Paper No. 7
Presentation Time: 3:15 PM
DIFFERENCES IN THE RESPONSE OF CALCAREOUS NANNOPLANKTON COMMUNITIES TO THE PETM EVENT: A SUMMARY AND PALEOBIOGEOGRAPHIC IMPLICATIONS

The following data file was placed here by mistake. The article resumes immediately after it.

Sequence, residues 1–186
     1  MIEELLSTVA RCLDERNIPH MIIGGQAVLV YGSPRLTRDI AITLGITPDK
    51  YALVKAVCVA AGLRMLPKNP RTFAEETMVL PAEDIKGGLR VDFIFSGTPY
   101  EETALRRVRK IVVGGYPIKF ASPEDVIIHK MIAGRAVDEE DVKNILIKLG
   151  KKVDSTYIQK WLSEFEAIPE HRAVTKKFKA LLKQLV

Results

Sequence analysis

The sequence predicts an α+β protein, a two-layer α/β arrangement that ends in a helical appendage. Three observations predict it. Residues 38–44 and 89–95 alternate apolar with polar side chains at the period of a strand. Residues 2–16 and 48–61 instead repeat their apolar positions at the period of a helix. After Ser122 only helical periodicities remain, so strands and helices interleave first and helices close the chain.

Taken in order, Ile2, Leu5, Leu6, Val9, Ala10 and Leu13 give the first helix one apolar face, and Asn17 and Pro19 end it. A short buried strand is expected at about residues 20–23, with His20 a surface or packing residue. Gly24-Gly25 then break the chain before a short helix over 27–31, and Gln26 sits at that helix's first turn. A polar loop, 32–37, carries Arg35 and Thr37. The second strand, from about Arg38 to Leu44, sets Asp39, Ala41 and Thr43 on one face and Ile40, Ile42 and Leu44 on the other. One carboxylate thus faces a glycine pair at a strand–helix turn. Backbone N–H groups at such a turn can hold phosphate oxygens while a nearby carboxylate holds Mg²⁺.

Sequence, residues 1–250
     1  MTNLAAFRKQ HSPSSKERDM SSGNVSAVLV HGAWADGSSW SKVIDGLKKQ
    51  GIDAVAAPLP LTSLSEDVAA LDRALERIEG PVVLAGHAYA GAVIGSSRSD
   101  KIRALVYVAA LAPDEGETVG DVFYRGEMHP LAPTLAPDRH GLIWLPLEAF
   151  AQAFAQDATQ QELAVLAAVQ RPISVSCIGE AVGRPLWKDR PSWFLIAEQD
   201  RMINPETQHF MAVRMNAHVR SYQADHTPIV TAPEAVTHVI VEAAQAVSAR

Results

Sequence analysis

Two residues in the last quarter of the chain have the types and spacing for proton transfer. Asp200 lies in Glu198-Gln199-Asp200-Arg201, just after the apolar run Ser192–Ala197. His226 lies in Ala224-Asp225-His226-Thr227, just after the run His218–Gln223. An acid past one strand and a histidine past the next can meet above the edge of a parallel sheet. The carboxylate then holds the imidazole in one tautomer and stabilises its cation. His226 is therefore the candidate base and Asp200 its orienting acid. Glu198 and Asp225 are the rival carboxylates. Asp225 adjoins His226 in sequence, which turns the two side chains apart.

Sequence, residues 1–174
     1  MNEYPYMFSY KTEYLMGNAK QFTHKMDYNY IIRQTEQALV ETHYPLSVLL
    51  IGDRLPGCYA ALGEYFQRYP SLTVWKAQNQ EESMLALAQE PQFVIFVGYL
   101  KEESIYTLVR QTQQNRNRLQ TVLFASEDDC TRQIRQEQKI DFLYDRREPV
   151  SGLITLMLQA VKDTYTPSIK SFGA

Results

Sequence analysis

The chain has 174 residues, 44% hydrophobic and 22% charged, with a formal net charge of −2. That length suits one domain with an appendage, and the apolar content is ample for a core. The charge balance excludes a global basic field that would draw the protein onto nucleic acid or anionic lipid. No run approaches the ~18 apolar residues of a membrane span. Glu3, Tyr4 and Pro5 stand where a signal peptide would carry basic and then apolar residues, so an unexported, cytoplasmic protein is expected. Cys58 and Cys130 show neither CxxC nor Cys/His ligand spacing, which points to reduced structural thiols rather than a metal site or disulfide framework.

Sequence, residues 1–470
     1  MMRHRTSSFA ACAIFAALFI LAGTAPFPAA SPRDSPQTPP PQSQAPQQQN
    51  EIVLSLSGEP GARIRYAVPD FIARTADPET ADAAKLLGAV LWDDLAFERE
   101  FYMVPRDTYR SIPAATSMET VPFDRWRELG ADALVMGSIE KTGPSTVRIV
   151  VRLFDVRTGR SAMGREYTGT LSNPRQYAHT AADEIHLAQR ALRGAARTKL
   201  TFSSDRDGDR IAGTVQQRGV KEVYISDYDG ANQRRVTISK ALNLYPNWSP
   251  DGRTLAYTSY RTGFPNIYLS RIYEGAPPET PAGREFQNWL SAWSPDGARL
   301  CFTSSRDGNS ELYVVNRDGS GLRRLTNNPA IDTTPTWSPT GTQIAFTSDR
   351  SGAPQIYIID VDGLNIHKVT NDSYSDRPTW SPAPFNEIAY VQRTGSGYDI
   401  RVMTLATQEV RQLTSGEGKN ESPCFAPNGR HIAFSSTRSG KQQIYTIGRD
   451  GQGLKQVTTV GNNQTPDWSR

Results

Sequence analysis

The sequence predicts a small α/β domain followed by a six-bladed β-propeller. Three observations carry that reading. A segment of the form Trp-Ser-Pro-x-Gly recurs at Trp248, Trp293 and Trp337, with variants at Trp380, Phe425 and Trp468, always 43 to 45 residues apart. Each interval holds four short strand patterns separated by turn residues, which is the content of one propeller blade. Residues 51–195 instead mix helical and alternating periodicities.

An important calcareous nannofossil turnover is registered at the Paleocene Eocene Thermal Maximum (PETM) at a global scale. In order to document the response of the nannoplankton communities below, within and above it, several successions of a wide range of environments and latitudes have been studied in detail, revealing that the calcareous nannofossil reaction was different in discrete paleogeographic areas. At high latitudes, as Site 690, the principal calcareous nannofossil change coincides with the onset of the CIE and is mainly characterized by the rapid replacement of cold water taxa by warm water taxa. This change was the result of a sudden expansion of warm water low latitude assemblages to higher latitudes probably due to an abrupt increase of the surface water temperatures. Moreover, an increase in abundance of Thoracosphaera spp.(dinoflagellate) below and within the CIE indicate also a stressed surface water environment. In the Tethys area the response of the calcareous nannofossil associations to the PETM is more complex. Calcareous nannofossil fluctuations begin below the onset of the CIE, as at high latitudes, increasing in frequency and amplitude at the benthic foraminifera extinction (BFE). At this level Zy. bijugatus suffered a sharp decrease in the relative abundance becoming almost absent throughout the entire PETM. Nevertheless, the most important feature that characterizes this interval in the Tethys is the presence of the so-called D. araneus-Rhomboaster assemblage, a new short lived species association lasting the duration of the CIE. Analyses of changes in surface water conditions affecting the initial recovery of calcareous nannoplankton, at different time in the Tethys and at high latitudes, are underway.